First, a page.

6. To achieve greater economic integration, stronger co-ordination between member states is needed. Ideally this co-ordination should also ensure that greater benefits devolve to the smaller, less powerful members. For example, the offices of the GCC’s various different institutions could be distributed between the GCC states, and, wherever possible, systems should be so robust that political matters cannot disrupt economic co-operation.

7. At the time of the GCC’s establishment, military co-operation wasn’t very high on the GCC’s agenda. This quickly changed, however, when the Iran–Iraq War intensified; the GCC states signed a comprehensive military agreement in 1982. Since then, the reasons for military co-operation failing to develop more quickly can be attributed partly to the secretive nature of military operations, and partly to the fact that several foreign states have interests in various GCC states. Nevertheless, higher levels of military co-operation have developed gradually, thus creating a sound framework for stronger co-ordination should the need arise.

8. Given the current political insecurity in the Gulf region (and specifically in Iraq, Iran and Yemen), the GCC countries have shifted away from simply acknowledging that they face common dangers to actually finding ways to address these militarily. Perhaps, the greatest obstacle to stronger GCC security co-operation lies in persuading GCC decision makers that their security is in the interests of the region and the international community, and should therefore be protected by a military force greater than any of the separate forces that the GCC countries can provide at present.

9. Given the increasing chaos in the region, unity among the six member states has become more of a necessity than a choice. The GCC could morph into a much stronger and more powerful force, thus taking much of the burden off each of the individual member states. The main challenges making unity ever more urgent are the strategic exposure of some of the member states, uncertainty about the future of the global energy industry, and the fact that other strong economies are emerging in the region. Other important factors are population growth and the political and economic shortcomings of some member states.

10. The strongest, and most sensible model on which to base the hoped-for GCC Union is economic and political co-operation. This would make integration possible within a secure regional and international framework, and help to eliminate the possibility of nations resorting to violence as a means of resolving disputes. In this context, each of the GCC states must seriously consider how well suited they would be to a confederacy that preserves their individual sovereignty while maintaining a unified outlook.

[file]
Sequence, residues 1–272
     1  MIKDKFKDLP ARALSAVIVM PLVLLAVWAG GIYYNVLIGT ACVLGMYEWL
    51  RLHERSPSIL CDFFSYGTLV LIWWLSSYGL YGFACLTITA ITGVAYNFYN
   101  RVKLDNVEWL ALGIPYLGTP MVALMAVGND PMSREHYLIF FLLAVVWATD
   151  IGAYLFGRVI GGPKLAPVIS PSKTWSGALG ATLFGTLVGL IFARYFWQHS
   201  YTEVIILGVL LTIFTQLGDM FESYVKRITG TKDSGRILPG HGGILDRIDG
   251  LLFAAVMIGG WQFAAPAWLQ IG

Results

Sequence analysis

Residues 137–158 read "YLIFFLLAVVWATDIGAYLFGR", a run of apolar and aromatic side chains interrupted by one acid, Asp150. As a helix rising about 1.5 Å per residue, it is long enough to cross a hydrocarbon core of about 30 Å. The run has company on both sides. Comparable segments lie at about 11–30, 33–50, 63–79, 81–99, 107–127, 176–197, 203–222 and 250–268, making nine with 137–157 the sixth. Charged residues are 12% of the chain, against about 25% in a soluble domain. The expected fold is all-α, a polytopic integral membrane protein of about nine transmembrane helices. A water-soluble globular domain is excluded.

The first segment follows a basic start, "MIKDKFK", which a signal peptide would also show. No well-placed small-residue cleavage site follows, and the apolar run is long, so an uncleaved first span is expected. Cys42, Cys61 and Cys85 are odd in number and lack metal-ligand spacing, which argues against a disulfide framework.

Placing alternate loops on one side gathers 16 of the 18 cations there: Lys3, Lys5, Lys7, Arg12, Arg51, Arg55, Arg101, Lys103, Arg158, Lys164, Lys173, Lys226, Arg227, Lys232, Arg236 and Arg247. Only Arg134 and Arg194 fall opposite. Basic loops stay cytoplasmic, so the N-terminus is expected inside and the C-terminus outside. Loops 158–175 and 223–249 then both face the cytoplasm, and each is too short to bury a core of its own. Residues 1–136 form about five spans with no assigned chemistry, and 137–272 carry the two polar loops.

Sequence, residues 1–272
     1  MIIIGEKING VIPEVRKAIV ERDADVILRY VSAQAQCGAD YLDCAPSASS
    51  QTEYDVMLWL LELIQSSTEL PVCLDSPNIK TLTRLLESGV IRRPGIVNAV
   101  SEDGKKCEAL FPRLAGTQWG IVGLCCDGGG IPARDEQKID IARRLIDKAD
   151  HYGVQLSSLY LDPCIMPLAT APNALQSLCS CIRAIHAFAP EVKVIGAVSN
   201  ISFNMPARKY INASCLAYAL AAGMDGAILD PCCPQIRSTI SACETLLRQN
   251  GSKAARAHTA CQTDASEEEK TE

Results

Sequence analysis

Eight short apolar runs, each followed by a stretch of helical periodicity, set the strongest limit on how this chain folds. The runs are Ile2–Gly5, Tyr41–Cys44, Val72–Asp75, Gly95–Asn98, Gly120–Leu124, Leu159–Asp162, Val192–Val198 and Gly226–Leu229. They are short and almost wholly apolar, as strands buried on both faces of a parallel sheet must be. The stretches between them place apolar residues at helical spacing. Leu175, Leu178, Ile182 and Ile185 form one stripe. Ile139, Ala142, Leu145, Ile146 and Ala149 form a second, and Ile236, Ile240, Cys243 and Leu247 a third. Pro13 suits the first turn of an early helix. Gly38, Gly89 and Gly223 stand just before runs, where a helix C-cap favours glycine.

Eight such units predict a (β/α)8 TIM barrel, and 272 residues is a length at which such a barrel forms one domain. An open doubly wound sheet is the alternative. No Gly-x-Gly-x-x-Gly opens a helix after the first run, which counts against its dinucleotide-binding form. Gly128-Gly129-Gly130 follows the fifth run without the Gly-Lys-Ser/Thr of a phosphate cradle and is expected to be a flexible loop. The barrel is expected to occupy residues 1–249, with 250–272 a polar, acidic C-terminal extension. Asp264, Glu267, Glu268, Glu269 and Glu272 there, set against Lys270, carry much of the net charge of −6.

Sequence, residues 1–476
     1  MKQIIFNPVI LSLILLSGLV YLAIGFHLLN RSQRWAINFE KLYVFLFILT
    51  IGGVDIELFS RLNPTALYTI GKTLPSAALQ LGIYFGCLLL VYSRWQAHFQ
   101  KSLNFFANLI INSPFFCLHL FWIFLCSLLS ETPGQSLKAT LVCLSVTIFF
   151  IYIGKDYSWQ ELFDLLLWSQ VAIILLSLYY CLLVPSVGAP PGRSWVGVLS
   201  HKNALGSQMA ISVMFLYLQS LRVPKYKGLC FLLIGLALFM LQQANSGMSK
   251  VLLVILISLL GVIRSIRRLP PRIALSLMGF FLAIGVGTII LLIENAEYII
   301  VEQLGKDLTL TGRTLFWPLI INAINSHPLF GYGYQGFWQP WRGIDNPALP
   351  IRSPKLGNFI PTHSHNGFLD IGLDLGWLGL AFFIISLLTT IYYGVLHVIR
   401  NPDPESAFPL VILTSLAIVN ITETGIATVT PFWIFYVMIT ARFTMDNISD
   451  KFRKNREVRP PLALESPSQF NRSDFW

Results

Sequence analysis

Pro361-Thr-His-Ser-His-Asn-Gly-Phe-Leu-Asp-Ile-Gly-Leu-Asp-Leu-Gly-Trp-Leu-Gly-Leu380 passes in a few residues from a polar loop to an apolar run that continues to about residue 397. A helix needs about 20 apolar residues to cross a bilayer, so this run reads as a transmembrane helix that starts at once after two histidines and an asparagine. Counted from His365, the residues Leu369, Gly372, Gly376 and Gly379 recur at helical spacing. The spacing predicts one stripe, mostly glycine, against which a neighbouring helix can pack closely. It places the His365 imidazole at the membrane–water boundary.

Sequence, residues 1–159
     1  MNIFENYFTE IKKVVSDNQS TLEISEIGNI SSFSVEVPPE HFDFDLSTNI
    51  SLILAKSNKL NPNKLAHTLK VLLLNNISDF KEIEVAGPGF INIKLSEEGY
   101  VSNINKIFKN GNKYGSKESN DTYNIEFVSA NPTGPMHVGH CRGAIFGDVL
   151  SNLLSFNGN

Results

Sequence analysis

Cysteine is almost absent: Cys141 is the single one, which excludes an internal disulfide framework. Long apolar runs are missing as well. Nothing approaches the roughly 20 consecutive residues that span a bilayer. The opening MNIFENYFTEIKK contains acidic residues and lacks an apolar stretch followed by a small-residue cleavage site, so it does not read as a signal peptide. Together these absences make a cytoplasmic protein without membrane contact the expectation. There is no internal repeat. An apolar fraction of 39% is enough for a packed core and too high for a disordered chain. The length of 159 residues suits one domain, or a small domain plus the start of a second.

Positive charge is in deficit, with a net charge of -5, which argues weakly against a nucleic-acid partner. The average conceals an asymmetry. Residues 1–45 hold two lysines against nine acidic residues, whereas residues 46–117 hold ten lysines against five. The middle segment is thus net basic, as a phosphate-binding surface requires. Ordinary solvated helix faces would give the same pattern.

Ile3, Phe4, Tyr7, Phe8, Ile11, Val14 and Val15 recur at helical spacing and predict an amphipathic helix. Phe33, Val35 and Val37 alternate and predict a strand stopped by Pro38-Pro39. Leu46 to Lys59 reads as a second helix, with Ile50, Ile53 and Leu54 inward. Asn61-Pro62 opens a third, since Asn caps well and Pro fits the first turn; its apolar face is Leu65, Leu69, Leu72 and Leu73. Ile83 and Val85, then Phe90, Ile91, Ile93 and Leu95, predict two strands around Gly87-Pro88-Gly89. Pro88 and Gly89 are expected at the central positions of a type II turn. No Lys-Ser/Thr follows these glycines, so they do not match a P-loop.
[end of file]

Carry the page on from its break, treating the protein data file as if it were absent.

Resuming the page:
11. The high-pressure regional context in which they are situated has twice forced the GCC states to reposition themselves to improve their geopolitical standing and insulate themselves from potential dangers and threats. The first attempt at repositioning was when the GCC came under immense pressure from various geopolitical quarters in the late 1970s and early 1980s; this resulted in the establishment of the GCC in 1981. The second attempt has been ongoing since the uprisings of early 2011, and involves a three-pronged strategy, namely: an active foreign policy, bolstering internal co-ordination and integration, and attempting to recruit new members into the GCC.

12. The primary purpose of any expansion policy formulated by the GCC will be to identify and include new members that share the same political values as existing members: that is, countries that have similar political, cultural and economic values, and face similar security concerns. The GCC’s expansion plans might be related to the Arab League’s failure to provide even a minimum of level of political, economic, and security co-ordination in the face of threats and challenges. Given the complex political, economic, social and security issues involved, the GCC seems likely to adopt a flexible policy for new members, enabling such states to first acquire observer status rather than full membership.

13. Although, like every other regional structure in the world, the GCC has experienced its share of conflict, the recall of ambassadors from Qatar in early 2014 was by any measure a major rift that shook the GCC to the core. The danger lay not so much in the fact that this action was unprecedented, but in that it exposed the nature and depth of the disparities between the members in terms of their foreign policies and diplomatic priorities, including the stark contrast between the Arab and regional interests of GCC capitals. The 2014 crisis of confidence will take much hard work to overcome or minimise in terms of the damage it could wreak on the GCC’s integration processes.